Sharon, Why Did You Destroy My House?
The writer of this article is a youth from Rafah who won an international American award for this article!
“Sharon, Why Did You Destroy My House?”: Operation Rainbow a Year Later
Mohammed Omer(al-mohayyar), Award Winner 2006: Youth Voice, Washington Report on Middle East Affairs (Washington, DC), Nov 02, 2006
THE ISRAELIS called it “Operation Rainbow”—and insisted the name was generated at random by a computer. To the men, women, and children of Rafah who endured the slaughter, however, it was a bitter footnote to a week of horror. In Greek mythology, the rainbow was a bridge between earth and Olympus, between men and gods. In the Old Testament, after sending a flood that destroyed the world, God set a rainbow in the sky as a sign of peace and renewal. But in May of 2004, the "***""***""***""***"ls and bombs in the night sky over Rafah brought only death. “Operation Rainbow” is an appropriate name in only one way: a year later, the images are still vivid, their evidence of Israeli terrorism against a civilian population undimmed.
After nearly three years of intifada, the residents of Rafah were familiar enough with Israeli incursions—the American-made Apaches overhead, the tanks and the "***""***""***""***"ling, followed by the bulldozers that would destroy homes, infrastructure, lives. Like Israel’s previous invasions, Operation Rainbow was undertaken “for security reasons,” ostensibly to find and destroy alleged smuggling tunnels running from Rafah under the border into Egypt. In May 2004, however, the Israeli army began its onslaught in the northern part of Rafah—far from the border in Tal Al Sultan and El Barazil—tearing up streets completely, destroying electric, water, and sewer lines, flattening whole blocks of houses, even bulldozing Rafah’s small zoo.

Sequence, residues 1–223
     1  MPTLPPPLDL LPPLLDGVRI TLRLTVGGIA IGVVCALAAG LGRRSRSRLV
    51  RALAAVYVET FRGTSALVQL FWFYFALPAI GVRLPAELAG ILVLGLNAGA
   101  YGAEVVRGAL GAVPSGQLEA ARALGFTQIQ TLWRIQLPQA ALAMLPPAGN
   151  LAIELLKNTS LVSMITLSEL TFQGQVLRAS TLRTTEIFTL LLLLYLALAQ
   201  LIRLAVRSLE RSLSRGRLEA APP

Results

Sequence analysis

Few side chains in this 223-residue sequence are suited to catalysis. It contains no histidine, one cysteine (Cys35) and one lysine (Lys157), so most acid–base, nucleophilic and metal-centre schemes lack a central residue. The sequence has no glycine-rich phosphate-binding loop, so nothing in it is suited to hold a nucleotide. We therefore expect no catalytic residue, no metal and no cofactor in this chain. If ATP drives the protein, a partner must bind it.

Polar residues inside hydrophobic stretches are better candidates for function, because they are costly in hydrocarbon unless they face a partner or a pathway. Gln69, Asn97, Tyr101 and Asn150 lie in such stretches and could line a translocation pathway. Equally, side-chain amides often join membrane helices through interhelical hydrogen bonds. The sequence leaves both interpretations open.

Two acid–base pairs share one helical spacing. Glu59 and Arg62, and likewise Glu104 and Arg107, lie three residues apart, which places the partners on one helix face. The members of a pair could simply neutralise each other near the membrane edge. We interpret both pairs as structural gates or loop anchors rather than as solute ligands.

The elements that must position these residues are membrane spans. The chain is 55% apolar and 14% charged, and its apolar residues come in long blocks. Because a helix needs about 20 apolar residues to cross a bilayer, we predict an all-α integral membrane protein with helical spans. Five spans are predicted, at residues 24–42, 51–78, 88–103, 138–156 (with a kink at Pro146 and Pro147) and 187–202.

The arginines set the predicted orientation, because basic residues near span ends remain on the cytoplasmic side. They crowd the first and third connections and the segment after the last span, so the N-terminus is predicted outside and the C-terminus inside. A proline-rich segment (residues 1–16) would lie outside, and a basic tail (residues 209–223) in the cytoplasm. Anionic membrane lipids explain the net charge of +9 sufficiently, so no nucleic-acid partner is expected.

Israeli snipers commandeered taller houses and took up positions on rooftops, shooting anything and anyone who moved, even killing two teenagers whose “hostile activity” consisted of taking laundry off a clothesline and feeding pet doves. All the while, the "***""***""***""***"ls from the Apache helicopters turned its victims into scattered body parts. As the week wore on, people ran out of food, water and medicine. Ambulances were pinned down by Israeli fire and could not reach the injured. The morgue in Al Najjar hospital was overflowing and, when no one could venture outdoors to bury their dead, a commercial refrigerator that usually stored vegetables was pressed into service to hold corpses.
The ceaseless din of explosions and gunfire couldn’t drown out the human chorus of despair—children crying for a piece of bread, for a cup of milk, for a drop of water, the laments of parents who had nothing to give them, the wails of the newly widowed and orphaned, the screams of the dying and dismembered. But sometimes there was only stunned, disbelieving silence, as friends and relatives tried to identify their loved ones from scattered body parts—a leg, an arm, a piece of a torso—that was all the ambulance drivers could gather.